Los Angeles, CA — The insurance industry’s use of algorithms and Artificial Intelligence to set premiums and determine who can get insurance coverage is a serious threat to Californians and a violation of California law, Consumer Watchdog will tell the Insurance Commissioner at a public meeting today called to examine high-tech bias and discrimination by insurance companies.
Read Consumer Watchdog’s comments to the Commissioner.
Under current consumer protection rules put in place by Proposition 103, insurance rates and premiums are set through a public process that requires insurance companies to use objective, verifiable data to justify their pricing projections based on future claims, company expenses and profits. But insurance companies are pressing the Commissioner to abandon this approach in favor of using secret algorithms, models and Artificial Intelligence, which will lead to discrimination and higher prices. Indeed, as Consumer Watchdog points out, some insurance companies are already engaged in unlawful and discriminatory practices in California.
Consumer Watchdog highlighted four critical consumer concerns.
• Many insurance companies are using a motorist’s occupation and education to set premiums, which the Department itself concluded – three years ago – discriminated against low income, non-white drivers. Consumer Watchdog has repeatedly objected to this unlawful practice and asked the Commissioner to issue rules to stop it. However, the Department continues to allow insurance companies to do so.
• Two auto insurance companies have been found to have overcharged their best California customers based on Big Data studies showing that certain motorists will tolerate modest but unwarranted premium increases – a practice known as “price optimization.” Reviewing evidence in an inquiry now underway at the Department of Insurance, Consumer Watchdog’s expert has concluded that Allstate overcharged some its California policyholders by $1 billion through price optimization. Consumer Watchdog said the Commissioner needed to issue massive penalties to punish Allstate and discourage other companies from future violations.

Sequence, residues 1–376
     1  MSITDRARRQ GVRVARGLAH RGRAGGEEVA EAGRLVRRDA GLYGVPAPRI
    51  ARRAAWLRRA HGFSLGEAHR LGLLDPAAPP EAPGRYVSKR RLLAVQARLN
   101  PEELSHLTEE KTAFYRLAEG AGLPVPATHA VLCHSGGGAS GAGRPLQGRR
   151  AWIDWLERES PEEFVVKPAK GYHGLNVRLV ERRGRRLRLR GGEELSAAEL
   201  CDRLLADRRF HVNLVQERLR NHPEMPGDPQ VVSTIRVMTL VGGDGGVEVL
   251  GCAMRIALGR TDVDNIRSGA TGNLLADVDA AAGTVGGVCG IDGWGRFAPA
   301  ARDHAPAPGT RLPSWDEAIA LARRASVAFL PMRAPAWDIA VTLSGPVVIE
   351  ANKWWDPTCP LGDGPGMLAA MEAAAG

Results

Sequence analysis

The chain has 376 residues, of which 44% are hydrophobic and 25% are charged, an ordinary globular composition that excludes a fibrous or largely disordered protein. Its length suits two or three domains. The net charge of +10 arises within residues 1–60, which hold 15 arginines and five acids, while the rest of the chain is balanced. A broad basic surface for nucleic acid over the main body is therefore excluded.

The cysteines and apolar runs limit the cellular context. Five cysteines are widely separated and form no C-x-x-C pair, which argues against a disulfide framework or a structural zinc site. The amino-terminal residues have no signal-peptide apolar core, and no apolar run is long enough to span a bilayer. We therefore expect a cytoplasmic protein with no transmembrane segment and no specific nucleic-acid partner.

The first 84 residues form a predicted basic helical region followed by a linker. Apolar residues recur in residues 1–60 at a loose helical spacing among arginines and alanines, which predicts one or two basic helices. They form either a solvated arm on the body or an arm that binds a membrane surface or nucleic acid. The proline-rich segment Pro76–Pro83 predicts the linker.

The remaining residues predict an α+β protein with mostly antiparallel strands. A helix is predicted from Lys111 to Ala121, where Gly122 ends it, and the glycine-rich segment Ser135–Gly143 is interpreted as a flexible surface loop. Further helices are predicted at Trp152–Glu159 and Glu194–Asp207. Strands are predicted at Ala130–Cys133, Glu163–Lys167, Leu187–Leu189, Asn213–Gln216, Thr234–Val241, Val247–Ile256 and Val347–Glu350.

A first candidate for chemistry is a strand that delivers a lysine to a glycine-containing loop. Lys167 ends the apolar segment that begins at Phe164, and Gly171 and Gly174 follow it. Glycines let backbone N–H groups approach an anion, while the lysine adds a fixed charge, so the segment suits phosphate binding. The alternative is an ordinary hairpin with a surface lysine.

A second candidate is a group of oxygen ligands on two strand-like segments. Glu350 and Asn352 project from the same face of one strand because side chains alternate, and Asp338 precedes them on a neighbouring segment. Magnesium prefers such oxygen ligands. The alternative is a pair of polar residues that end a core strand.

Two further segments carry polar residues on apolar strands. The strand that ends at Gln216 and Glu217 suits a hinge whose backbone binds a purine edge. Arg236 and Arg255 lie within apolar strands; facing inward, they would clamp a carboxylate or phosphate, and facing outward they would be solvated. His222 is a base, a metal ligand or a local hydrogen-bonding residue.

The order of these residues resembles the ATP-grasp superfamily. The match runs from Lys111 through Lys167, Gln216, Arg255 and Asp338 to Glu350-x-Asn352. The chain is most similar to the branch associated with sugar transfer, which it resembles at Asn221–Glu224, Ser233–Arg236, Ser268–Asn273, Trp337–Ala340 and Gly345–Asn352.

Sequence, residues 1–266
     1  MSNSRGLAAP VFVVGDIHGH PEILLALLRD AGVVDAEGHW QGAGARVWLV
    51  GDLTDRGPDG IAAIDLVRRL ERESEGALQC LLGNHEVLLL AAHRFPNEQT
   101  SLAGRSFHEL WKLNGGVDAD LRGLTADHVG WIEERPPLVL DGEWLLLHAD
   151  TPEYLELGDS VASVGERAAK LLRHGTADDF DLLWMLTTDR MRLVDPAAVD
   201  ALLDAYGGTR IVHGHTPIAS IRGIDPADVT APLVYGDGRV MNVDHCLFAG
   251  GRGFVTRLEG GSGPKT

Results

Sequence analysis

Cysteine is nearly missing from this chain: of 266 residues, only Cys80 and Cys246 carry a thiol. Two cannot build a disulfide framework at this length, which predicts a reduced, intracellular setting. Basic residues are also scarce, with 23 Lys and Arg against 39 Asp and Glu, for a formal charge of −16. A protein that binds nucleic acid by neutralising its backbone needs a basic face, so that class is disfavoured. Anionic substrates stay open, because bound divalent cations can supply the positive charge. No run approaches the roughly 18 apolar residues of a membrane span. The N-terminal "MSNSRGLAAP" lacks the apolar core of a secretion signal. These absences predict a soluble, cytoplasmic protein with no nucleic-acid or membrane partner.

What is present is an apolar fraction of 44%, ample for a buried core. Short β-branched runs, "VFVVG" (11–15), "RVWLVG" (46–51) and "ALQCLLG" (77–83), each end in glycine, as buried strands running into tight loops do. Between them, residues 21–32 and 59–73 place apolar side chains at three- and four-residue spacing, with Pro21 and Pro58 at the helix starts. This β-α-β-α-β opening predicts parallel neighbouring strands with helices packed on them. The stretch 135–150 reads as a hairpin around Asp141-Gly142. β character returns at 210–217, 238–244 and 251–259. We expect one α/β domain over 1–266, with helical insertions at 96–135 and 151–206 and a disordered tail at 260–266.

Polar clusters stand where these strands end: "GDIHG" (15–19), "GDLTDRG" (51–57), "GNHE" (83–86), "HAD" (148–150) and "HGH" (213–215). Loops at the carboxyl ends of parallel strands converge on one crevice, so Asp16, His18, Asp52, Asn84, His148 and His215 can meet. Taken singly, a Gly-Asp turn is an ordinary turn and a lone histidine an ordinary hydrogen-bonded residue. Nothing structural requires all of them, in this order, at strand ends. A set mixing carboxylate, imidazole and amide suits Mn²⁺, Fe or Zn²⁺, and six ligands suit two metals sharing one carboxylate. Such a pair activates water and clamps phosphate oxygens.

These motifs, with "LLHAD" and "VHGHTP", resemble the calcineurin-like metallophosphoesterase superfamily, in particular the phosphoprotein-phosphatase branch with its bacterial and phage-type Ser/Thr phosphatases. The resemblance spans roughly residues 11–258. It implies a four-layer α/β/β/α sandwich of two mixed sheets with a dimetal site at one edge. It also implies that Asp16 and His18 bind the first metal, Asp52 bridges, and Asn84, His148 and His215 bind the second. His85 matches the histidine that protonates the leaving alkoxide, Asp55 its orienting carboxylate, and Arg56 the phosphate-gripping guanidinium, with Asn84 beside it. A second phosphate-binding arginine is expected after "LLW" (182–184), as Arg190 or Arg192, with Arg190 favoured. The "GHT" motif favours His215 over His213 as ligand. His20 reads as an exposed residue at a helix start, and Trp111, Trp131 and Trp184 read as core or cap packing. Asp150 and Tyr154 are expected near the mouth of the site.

• Insurance companies are using secret “wildfire risk scores” to determine whether a person is eligible to buy homeowners insurance and, if so, the price they will be required to pay. A new regulation adopted by the Commissioner will require insurance companies to fully disclosure the models and algorithms they use to classify the wildfire risk of a property and set a person’s premium. But it will allow companies to deny coverage and non-renew existing policyholders based on the wildfire risk scores.
• Insurance companies and Wall Street “data brokers” are pressing the Commissioner to re-institute a high-tech version of the redlining and territorial rating systems that California voters rejected decades ago. They want the Commissioner to allow them to use privacy-busting tracking technologies, like “geo-location,” and other personal data about drivers’ habits to set auto insurance premiums (often referred to as “telematics”), rather than the rating factors required by law: principally their driving safety record, the number of miles they drive each year, and how many years of driving experience they have had.
Algorithms, models, Artificial Intelligence and machine learning all shift the insurance rate-making process from one that can be analyzed and verified to an arbitrary “smart black box” system in which the legitimacy of prices and underwriting practices can never be confirmed, enabling unlawful discrimination and excessive rates.
Consumer Watchdog urged the Commissioner to “reject the glittery hype and facile promises proffered by the insurance companies and Big Data firms seeking a regulatory windfall at the expense of California consumers. California law is clear: insurance rates and practices that unfairly discriminate are illegal. What is needed now in California is enforcement of the law.”
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